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Social Cultural Practices Exposing Karimojong to Brucellosis

Despite the health threat, the consumption of raw blood remains a cherished cultural practice in parts of Karamoja. Over the years, the mixture of blood and milk has remained a delicacy among the Karimojong. Mixed blood and milk are also used as a ritual drink in special celebrations, or given to the sick.
Moroto man drinking animal blood from the calabash.

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The consumption of raw meat, raw blood and milk are exposing Karimojong communities to brucellosis, a highly contagious infection caused by the bacterial genus Brucella.

Also known as Mediterranean fever, the disease is often spread when people eat contaminated food, under-cooked or raw meat and unpasteurized milk from infected animals. Brucellosis affects any part of the body, including the reproductive system, liver, heart and central nervous system.

It presents with fever, loss of appetite, sweats, weakness, fatigue, joint, muscle and back pain and headache among others.

But despite the health threat, the consumption of raw blood remains a cherished cultural practice in parts of Karamoja. Over the years, the mixture of blood and milk has remained a delicacy among the Karimojong. Mixed blood and milk are also used as a ritual drink in special celebrations, or given to the sick.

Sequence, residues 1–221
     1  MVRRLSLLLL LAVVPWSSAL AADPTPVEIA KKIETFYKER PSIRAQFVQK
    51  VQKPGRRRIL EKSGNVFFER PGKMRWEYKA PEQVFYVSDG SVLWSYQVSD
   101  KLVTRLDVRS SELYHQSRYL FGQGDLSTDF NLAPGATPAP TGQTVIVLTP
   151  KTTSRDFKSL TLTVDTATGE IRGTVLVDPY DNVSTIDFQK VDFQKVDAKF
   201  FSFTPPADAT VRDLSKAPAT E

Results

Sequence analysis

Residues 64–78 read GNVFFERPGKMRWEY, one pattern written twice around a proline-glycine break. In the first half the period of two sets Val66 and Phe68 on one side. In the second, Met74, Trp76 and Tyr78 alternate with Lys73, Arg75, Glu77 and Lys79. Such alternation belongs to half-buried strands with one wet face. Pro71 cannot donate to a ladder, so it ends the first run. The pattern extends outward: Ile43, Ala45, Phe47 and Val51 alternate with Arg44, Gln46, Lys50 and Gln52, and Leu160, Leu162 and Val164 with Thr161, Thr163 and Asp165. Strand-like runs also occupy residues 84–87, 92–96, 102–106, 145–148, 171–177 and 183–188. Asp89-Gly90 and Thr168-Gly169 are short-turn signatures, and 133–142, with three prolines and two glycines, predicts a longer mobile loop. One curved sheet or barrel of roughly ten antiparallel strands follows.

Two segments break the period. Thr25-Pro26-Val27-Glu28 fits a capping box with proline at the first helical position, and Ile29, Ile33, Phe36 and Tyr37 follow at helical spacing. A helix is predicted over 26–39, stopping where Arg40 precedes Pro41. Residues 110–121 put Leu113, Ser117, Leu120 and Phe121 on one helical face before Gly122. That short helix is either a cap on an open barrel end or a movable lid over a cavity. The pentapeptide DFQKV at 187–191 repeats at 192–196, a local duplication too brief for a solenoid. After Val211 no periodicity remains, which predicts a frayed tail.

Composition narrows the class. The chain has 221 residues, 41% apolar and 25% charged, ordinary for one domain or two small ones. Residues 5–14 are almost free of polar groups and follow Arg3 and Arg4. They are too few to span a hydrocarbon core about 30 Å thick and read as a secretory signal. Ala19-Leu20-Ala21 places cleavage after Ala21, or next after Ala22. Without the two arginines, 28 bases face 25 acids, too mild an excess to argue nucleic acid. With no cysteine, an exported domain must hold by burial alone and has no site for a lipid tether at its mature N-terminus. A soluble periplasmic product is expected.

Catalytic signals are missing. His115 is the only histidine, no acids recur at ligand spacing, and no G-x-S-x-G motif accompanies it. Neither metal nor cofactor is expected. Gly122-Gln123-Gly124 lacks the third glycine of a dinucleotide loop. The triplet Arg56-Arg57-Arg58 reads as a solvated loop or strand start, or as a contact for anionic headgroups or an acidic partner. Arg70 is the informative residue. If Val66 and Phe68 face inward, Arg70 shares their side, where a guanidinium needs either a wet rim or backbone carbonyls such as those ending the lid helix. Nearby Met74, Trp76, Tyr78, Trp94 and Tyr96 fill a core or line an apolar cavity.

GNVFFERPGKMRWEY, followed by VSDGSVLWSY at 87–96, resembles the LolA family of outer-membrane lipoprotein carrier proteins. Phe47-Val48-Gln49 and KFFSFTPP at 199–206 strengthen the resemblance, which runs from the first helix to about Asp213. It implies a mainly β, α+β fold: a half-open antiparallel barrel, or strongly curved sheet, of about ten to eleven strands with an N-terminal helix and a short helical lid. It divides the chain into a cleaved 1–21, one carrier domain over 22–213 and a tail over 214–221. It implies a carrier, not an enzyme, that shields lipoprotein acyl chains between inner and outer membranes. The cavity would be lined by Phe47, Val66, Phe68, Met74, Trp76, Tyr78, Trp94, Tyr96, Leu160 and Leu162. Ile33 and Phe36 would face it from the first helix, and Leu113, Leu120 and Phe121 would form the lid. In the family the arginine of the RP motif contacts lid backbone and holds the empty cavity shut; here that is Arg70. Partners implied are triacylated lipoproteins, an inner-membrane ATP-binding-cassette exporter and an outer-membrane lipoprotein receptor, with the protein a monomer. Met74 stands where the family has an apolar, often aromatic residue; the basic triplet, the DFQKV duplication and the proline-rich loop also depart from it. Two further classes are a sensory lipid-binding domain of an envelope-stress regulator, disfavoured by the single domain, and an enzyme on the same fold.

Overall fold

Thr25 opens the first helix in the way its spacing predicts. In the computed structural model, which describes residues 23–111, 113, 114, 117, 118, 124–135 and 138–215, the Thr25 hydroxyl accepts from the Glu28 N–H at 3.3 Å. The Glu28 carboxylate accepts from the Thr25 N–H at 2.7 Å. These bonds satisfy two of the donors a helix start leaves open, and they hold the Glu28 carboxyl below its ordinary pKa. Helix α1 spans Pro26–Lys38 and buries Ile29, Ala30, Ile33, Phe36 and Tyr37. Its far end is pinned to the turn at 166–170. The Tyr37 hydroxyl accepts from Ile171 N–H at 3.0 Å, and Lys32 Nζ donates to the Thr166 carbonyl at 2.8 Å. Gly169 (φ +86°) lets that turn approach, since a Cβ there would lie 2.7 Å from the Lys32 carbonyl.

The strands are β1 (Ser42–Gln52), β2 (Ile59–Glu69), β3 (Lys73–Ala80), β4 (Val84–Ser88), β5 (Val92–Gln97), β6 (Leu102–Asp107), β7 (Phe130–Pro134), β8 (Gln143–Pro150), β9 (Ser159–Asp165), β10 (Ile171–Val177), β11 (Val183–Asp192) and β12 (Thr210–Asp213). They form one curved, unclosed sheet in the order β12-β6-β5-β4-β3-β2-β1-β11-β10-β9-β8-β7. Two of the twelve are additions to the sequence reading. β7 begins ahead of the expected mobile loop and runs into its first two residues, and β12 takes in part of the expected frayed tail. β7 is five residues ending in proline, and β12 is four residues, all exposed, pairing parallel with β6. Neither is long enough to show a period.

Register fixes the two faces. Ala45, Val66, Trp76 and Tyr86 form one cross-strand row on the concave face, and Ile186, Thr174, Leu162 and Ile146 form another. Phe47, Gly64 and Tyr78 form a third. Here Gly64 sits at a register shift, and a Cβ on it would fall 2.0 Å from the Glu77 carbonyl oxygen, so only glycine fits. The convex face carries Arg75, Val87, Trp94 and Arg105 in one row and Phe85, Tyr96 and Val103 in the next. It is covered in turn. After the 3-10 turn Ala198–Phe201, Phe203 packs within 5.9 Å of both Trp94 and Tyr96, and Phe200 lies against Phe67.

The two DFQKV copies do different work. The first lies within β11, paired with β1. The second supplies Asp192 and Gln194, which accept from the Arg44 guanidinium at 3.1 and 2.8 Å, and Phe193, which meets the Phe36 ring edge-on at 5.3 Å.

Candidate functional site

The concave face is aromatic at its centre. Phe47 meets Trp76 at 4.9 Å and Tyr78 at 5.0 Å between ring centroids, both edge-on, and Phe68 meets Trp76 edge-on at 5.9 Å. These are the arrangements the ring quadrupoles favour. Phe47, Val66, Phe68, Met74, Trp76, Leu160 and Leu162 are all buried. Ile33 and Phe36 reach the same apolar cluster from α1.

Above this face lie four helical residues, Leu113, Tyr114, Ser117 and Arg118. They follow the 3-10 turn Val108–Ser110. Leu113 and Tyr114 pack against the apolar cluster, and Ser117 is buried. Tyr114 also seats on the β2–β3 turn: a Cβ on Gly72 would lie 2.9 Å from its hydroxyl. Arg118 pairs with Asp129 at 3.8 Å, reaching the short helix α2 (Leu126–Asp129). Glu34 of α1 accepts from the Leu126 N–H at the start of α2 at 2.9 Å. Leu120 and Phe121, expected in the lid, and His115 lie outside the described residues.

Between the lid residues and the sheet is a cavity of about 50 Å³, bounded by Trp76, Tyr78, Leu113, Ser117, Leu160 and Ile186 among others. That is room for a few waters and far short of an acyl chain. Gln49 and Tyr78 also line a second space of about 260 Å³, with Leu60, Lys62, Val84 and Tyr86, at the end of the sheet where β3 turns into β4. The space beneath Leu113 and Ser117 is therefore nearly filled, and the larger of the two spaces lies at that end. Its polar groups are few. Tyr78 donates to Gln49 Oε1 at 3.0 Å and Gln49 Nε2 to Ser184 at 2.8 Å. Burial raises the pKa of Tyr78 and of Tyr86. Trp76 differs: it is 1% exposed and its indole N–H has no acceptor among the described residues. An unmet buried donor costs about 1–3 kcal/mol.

But health officials in Moroto are now concerned with the increasing number of cases of brucellosis in the district. Last year, the district registered 1,037 cases of brucellosis. However, the recent records indicate an increase with more than 500 cases recorded by May this year.

Moroto District Health Officer Andrew Rews Ilukol says most members of the local community have remained glued to social-cultural practices like spilling blood and direct suckling of milk from animals which expose them to brucellosis.

He also notes that meat and other animal products are not properly managed before consumption.

 

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Ilukol observes that whenever patients who present with fever and joint pains test negative for malaria, brucellosis emerges.

Moroto District Veterinary Officer Dr Moses Okino says that up to about 40 percent of goats in the district were screened with brucellosis during the routine screening conducted recently. He, however, notes that the cattle have not been screened for the diseases due to financial constraints.

"Sometimes, we receive animals from outside Karamoja in the restocking programs and others but we have very limited capacity to screen them. Even at the abattoir, we only look at the animals but reagents for screening for brucellosis are not there," Dr Okino said.

In Amudat, brucellosis is mainly caused by consuming camels, according to the study from Nabuin Zonal Agricultural Research Institute.

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